Being part of a community means actively engaging the unique perspectives of our many members on their own terms and through their own voices. The following programs, resources, and involvement opportunities represent only a portion of what Rutgers has to offer as a beloved community and is not intended to be an exhaustive list. It’s all part of the university’s commitment to have students, alumni, faculty, staff, and partners work together to embody, reflect, and respect the complexities of all our parts.
Find out how Rutgers’ faculty, students, and publications are advancing knowledge and giving a voice to issues that impact the community.
The Rutgers Center for Security, Race and Rights (CSRR) engages in research, education, and advocacy on law and policy that adversely impact America’s diverse Muslim, Arab, and South Asian communities. CSRR utilizes an interfaith, cross-racial, and interdisciplinary approach. Its work is organized around three themes:
- the contemporary and historical intersection of race and religion in the United States
- the criminalizing of the Muslim identity through United States and global national security laws
- transnational rights and security arising from relations between the United States and Muslim majority countries
Whether you like to read, listen, or watch, CSRR’s resource list has something for you. This collection of multimedia resources offers an introduction to the three themes underpinning CSRR’s work (mentioned above) and has been collated from the works of advocacy organizations, media outlets, and government agencies.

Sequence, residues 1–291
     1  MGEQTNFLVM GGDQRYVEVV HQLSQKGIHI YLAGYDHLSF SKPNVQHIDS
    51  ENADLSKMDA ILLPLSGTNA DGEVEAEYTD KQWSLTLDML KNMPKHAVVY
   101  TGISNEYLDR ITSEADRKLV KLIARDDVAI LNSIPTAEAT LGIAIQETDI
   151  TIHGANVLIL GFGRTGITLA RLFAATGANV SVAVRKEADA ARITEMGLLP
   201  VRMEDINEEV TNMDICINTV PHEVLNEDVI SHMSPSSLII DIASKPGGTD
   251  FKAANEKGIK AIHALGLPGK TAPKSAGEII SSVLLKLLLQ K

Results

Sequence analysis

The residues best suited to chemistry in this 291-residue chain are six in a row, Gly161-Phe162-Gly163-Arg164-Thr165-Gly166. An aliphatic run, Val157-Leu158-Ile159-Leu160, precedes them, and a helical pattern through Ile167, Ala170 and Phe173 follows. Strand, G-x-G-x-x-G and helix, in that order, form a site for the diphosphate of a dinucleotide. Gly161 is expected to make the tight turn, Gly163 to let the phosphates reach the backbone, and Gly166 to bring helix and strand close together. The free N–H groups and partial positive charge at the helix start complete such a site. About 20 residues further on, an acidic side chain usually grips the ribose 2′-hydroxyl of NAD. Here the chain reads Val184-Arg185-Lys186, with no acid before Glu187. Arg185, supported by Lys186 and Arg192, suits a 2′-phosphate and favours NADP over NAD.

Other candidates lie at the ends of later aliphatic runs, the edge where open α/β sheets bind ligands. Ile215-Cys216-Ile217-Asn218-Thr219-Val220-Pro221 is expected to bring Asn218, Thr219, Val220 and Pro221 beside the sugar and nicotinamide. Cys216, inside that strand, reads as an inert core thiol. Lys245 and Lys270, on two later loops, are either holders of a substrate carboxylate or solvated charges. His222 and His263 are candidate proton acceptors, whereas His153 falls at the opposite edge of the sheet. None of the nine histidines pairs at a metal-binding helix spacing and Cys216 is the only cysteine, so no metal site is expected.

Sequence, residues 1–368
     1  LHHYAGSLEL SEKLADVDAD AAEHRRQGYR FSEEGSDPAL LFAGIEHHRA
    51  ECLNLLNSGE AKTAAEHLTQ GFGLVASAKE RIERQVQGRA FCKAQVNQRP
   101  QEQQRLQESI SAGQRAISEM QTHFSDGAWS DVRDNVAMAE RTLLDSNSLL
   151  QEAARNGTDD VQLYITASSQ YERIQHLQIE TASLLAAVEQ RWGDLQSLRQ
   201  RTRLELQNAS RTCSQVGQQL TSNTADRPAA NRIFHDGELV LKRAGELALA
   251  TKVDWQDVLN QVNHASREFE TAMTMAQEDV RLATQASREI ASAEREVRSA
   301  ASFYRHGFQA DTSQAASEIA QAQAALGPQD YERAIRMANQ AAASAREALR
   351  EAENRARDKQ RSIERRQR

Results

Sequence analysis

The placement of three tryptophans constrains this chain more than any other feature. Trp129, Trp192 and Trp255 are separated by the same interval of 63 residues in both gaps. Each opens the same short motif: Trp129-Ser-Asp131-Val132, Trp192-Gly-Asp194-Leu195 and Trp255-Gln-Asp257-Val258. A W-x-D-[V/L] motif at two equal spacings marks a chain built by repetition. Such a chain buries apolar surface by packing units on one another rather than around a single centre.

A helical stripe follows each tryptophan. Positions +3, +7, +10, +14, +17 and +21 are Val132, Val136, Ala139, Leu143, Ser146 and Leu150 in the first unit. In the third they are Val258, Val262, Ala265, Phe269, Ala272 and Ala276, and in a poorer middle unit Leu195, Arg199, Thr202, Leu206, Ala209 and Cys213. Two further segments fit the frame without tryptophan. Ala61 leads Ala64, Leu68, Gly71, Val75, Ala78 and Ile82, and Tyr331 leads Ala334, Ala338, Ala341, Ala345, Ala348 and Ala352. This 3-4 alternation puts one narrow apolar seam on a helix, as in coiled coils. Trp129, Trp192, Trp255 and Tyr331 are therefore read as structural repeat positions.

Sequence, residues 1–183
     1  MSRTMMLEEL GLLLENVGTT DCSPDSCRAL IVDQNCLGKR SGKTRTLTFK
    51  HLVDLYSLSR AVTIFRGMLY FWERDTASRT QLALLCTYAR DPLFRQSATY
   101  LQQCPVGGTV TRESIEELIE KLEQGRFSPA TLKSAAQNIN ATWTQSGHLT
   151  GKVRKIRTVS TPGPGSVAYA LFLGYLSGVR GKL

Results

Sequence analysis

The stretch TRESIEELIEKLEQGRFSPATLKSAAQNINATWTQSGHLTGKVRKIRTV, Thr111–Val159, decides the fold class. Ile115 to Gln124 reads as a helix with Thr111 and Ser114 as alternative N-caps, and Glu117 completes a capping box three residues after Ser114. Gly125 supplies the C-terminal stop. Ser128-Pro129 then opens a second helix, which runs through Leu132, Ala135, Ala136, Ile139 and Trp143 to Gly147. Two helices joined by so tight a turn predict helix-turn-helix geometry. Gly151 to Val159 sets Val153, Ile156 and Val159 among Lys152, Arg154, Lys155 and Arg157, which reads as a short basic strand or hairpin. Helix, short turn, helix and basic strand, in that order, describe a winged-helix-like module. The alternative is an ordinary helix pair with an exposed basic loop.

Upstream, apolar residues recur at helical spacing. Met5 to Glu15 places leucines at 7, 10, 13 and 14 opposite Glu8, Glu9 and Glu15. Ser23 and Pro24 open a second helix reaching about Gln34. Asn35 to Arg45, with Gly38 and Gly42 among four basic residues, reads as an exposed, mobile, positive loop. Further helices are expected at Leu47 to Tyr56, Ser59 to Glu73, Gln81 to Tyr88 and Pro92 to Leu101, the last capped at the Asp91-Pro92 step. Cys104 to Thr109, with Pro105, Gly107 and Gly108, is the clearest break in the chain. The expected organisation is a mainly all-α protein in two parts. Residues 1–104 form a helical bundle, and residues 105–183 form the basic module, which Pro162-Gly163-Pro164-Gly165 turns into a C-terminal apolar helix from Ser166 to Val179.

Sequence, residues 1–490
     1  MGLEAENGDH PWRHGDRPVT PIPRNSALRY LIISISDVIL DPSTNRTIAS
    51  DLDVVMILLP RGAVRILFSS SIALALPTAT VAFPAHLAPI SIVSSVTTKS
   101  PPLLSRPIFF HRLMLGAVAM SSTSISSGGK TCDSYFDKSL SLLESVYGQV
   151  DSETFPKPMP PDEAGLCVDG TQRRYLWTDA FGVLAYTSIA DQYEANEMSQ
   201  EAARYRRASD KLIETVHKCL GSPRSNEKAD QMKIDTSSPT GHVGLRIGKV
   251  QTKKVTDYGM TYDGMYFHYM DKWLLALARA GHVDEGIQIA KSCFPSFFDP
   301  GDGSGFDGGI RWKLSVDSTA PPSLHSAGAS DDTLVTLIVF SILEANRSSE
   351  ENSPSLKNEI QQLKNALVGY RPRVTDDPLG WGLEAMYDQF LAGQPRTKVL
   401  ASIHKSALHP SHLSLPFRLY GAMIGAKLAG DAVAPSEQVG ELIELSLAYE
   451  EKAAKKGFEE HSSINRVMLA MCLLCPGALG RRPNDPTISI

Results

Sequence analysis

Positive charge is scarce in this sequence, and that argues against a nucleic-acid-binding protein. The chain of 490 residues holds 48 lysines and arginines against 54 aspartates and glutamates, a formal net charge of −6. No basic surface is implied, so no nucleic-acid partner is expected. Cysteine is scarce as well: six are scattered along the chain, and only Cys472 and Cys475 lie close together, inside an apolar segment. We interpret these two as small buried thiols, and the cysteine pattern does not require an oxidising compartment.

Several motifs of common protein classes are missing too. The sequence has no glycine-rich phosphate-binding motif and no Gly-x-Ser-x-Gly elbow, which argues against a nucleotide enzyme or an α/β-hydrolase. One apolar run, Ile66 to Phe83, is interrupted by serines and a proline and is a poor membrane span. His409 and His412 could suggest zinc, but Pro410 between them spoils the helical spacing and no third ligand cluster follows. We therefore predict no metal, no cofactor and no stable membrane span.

This groundbreaking 356-page book by Rutgers Law Professor Sahar F. Aziz, founder of the Center for Security, Race and Rights (CSRR), demonstrates how race and religion intersect to create what she calls the Racial Muslim. Comparing discrimination against immigrant Muslims with the prejudicial treatment of Jews, Catholics, Mormons, and African American Muslims during the twentieth century, Aziz explores the gap between America’s aspiration for and fulfillment of religious freedom. With America’s demographics rapidly changing from a majority white Protestant nation to a multiracial, multireligious society, this book is an in dispensable read for understanding how our past continues to shape our present—to the detriment of our nation’s future.
Learn more from the half-hour video discussion Deep Dives with ISPU: The Racial Muslim between Aziz and Dalia Mogahed, director of research at the Institute for Social Policy and Understanding in Washington, D.C.
Issues surrounding American Muslims are central in our political discourse, policy debates, and popular culture. Yet most Americans say they don’t know a Muslim, and more than 80% of media coverage of Islam and Muslims in the United States is negative. This informative lecture discusses the myriad ways in which Muslims contribute to economic development, medicine, philanthropy, arts, entertainment, sports, and education in the United States. It is presented by Dalia Mogahed, director of research at the Institute for Social Policy and Understanding in Washington, D.C., aired March 30, 2022, as part of the CSRR’s De-Scrutinizing Muslim Identity Lecture Series.